Their contention is that Google has compelled certain apps to utilize the company’s payment tools, requiring them to allocate up to 30% of digital goods sales to Google. In the legal action initiated by over 30 U.S. states, representing 21 million consumers, the plaintiffs argued that if it weren’t for Google’s alleged monopoly, consumers might have spent less on apps and enjoyed more alternatives.
Parties involved in the settlement, which includes attorneys representing Utah’s attorney general leading the coalition of states, have requested the cancellation of a trial scheduled for November 6. Google, despite denying any wrongdoing, chose not to comment on the proposed settlement. Attorneys representing consumer plaintiffs also refrained from commenting on the proposed settlement, and a lawyer representing plaintiffs, including states and the District of Columbia, did not immediately respond to a comment request.
The court’s approval is necessary for the settlement to be finalized.
Google is confronting similar lawsuits accusing it of reaping substantial profit margins from its Play Store by utilizing unlawful methods to maintain monopolies in the sale of Android apps and in-app items. Their argument centers on Google’s alleged imposition of its payment tools and the exaction of up to 30% of digital goods sales.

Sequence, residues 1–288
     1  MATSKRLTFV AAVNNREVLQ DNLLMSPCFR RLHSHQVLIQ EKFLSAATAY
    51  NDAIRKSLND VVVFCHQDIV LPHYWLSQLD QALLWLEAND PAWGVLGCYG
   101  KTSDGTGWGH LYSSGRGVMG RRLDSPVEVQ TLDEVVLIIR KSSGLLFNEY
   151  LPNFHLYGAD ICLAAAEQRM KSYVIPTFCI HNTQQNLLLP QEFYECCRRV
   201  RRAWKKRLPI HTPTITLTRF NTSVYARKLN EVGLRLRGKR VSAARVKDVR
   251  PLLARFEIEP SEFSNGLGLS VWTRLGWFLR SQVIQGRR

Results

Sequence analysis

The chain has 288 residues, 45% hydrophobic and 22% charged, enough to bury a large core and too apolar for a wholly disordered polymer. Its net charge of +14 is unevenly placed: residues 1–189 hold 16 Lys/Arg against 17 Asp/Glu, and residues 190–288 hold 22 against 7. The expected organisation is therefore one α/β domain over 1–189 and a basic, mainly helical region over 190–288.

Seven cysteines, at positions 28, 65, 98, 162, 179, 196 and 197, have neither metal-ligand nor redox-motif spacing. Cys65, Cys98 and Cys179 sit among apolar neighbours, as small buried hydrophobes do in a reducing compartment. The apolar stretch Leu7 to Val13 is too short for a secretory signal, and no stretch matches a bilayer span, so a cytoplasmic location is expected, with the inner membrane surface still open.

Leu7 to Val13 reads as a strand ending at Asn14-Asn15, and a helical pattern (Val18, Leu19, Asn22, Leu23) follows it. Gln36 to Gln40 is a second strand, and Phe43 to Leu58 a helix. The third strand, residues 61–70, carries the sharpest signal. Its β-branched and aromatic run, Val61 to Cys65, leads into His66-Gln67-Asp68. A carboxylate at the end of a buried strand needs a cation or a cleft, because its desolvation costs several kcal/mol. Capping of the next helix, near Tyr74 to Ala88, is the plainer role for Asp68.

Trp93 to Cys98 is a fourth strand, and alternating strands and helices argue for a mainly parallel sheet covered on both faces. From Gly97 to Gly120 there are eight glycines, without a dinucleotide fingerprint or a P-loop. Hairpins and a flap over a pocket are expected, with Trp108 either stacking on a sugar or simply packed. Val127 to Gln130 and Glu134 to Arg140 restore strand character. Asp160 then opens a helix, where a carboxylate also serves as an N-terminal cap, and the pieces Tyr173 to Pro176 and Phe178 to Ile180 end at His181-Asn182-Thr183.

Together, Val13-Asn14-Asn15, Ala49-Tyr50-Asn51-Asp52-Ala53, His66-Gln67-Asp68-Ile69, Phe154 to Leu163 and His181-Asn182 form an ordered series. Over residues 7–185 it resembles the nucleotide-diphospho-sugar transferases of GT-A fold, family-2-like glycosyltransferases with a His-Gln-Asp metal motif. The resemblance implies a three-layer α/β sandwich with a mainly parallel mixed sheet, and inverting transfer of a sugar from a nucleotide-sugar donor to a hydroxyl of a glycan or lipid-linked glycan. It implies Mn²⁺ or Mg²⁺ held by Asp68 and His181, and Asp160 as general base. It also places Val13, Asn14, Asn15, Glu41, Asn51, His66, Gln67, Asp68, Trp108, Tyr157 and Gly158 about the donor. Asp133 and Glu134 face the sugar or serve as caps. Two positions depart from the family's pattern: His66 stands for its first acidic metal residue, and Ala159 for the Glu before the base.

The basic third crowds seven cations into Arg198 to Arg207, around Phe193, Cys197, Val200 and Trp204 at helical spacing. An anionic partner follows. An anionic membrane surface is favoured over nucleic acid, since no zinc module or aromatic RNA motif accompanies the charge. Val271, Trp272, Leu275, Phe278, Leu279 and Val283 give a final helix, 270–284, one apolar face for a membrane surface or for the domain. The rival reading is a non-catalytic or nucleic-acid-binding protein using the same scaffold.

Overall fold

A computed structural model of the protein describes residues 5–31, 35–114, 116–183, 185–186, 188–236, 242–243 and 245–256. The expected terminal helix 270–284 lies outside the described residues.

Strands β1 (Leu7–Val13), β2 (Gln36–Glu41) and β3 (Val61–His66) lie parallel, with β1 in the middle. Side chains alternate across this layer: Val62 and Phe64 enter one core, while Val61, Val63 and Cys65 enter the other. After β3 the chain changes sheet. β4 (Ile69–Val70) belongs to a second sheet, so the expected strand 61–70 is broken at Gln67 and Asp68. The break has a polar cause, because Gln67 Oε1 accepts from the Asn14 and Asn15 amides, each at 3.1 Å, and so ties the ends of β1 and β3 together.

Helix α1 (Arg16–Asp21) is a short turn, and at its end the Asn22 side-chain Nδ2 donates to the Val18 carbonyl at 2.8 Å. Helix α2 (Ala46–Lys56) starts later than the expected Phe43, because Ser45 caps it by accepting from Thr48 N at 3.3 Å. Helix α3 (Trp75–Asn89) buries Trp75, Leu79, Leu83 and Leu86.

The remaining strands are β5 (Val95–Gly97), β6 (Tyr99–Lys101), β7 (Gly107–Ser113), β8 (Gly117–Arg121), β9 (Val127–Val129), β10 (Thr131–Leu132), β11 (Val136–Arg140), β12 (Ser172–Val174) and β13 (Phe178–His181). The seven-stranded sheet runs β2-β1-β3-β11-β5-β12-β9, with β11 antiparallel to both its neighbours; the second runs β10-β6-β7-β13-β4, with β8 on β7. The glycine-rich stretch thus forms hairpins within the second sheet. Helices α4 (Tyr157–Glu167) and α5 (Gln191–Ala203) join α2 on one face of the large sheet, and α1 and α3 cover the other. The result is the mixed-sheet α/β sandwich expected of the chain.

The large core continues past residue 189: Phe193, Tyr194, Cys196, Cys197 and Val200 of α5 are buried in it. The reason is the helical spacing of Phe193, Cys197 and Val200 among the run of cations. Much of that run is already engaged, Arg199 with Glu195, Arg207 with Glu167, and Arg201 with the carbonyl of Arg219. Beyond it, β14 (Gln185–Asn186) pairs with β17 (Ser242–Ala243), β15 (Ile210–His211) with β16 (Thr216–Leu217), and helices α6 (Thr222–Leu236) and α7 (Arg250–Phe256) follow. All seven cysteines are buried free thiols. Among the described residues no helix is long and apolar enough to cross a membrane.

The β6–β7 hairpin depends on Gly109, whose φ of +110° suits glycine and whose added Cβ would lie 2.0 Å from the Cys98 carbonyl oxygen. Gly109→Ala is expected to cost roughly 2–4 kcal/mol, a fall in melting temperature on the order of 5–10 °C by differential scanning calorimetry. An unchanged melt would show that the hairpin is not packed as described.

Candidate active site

Epic Games, which has raised such allegations, is not a participant in the proposed Google Play settlement, as stated by its founder and CEO, Tim Sweeney, in a post on the social media platform X, formerly known as Twitter. Sweeney remarked, “If Google ends its payment monopoly without imposing a Google Tax on third-party transactions, we’ll settle and become Google’s ally in their new era.” He added that if the settlement retains the ‘Google tax,’ the company will continue to challenge it.
Match Group has also filed a claim, but a spokesperson for Match declined to comment. The case is known as “In re Google Play Store Antitrust Litigation” and is pending in the U.S. District Court for the Northern District of California, No. 21-md-02981.